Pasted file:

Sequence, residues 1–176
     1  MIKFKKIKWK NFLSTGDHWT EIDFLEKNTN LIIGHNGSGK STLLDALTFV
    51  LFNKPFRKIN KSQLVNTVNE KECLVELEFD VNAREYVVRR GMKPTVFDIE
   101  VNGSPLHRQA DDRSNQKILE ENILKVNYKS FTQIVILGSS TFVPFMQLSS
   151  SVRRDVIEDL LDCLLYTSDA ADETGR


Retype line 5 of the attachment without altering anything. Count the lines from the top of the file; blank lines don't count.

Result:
   151  SVRRDVIEDL LDCLLYTSDA ADETGR